20 Reasons Not to Start an Email Startup

Earlier this year month, Facebook acquired certain assets of Zenbe, a mail-related startup. The news came close on the heels of Facebook launching its much-anticipated Social Inbox (which, incidentally, I like a lot), and, once again, puts the focus on startups that are trying to reshape the email landscape. But if you’re looking to start an email company, Bijan Marashi, the former CEO and co-founder of email-indexing service Xoopit (along with Jonathan Katzman), says don’t do it.

20 Reasons Why Not To Do an Email Startuphttp://static.slidesharecdn.com/swf/ssplayer2.swf?doc=inboxlovebijannov2010b-101119123924-phpapp02&stripped_title=20-reasons-why-not-to-do-an-email-startup&userName=ommalik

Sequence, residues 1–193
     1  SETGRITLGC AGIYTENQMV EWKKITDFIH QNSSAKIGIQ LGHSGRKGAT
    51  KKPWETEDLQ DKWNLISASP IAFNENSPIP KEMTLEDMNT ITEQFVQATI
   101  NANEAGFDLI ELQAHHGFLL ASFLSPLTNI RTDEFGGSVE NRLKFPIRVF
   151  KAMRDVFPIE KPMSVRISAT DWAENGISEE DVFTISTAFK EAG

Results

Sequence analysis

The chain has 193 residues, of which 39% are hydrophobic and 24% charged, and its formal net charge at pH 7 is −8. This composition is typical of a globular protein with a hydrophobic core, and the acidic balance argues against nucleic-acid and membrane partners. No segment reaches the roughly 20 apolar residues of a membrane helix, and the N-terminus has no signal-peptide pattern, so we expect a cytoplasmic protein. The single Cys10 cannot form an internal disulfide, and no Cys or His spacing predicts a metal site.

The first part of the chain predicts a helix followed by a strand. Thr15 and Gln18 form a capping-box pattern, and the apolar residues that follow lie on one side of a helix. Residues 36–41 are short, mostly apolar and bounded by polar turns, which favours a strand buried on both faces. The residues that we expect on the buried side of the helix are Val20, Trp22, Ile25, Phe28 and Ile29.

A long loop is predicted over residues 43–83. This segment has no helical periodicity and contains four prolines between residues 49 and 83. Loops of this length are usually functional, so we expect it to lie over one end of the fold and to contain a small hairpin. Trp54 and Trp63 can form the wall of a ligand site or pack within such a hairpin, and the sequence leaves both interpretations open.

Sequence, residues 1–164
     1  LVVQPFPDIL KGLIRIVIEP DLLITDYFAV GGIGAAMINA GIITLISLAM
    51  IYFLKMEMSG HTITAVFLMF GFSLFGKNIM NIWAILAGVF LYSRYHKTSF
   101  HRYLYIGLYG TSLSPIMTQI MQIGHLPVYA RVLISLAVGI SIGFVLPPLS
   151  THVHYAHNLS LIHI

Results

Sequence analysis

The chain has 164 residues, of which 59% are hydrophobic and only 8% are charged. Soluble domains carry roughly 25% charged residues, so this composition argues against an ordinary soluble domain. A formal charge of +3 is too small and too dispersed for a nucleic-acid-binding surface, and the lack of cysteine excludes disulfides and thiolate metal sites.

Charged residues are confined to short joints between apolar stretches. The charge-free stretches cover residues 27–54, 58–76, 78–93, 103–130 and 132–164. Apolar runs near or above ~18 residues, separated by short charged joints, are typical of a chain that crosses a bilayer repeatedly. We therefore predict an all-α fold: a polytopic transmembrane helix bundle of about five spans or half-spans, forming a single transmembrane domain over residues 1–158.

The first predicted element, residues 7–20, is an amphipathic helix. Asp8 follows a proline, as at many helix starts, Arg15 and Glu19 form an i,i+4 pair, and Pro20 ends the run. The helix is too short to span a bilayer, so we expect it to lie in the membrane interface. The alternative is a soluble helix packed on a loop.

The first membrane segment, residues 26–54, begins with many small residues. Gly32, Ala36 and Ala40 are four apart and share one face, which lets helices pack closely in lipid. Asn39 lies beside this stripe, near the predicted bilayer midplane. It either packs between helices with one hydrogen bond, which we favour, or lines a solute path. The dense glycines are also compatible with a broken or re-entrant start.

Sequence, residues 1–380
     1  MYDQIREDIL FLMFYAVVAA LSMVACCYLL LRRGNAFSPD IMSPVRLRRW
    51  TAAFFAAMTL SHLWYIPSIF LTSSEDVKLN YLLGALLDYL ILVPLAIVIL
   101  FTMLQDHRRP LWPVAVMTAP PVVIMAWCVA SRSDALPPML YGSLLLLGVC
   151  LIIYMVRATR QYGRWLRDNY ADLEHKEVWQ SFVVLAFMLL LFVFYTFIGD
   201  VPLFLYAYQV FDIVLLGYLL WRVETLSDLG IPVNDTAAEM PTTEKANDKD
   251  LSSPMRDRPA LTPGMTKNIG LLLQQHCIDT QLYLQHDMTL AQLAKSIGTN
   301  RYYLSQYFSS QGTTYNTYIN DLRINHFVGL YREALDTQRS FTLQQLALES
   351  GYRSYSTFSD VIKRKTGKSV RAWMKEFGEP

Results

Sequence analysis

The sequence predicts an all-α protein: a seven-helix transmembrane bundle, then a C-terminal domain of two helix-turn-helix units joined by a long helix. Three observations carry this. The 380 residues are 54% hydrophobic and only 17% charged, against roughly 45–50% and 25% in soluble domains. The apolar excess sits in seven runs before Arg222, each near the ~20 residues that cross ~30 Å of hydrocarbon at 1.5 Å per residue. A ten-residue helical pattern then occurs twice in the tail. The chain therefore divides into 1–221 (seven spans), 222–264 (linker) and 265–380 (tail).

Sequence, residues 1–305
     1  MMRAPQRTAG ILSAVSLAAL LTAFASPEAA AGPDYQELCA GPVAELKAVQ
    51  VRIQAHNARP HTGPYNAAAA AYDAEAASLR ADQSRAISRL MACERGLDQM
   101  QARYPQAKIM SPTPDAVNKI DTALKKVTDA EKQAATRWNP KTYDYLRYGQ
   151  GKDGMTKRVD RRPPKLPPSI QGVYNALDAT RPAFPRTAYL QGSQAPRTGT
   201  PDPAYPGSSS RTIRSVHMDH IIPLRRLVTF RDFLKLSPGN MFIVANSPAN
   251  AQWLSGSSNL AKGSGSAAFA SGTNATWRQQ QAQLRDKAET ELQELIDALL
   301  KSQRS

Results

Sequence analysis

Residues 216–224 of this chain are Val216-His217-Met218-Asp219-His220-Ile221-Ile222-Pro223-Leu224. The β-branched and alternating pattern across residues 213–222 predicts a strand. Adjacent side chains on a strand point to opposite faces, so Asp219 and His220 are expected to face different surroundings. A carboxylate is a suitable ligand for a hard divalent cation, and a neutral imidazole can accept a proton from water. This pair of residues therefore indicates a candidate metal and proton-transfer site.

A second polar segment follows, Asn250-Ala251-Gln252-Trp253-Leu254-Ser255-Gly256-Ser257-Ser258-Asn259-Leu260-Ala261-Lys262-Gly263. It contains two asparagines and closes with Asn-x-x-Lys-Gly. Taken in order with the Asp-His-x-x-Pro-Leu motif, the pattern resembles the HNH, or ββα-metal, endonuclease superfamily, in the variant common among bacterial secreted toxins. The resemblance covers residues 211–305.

In an email to me, Marashi wrote:

The creativity and courage needed to be a successful entrepreneur is special, but also fragile. Of all the creative venture adventures to dive into, challenging the consumer email market straight on (not communications) may be mission impossible.

This coming from a guy who raised $6.5 million in funding and sold his company to Yahoo (s YHOO) for $20 million in 2009. Yahoo bought his company because they had pivoted into hosted search service for developers.

Last night, he spoke at the 500 Startups Inbox Love gathering in Mountain View, Calif. and shared some great insights and many reasons entrepreneurs shouldn’t start an email-focused start-up:

Despite our successful exit, we learned a brutally sober lesson — trying to fix consumer email platforms is like trying to fix the phone system — a startup simply can’t afford to do it. This lesson became even more clear to us as I spent the last year on Yahoo’s exec Product Strategy and M&A teams where I saw how the operators work and looked at many of the startup deals amongst the current class of entrepreneurs.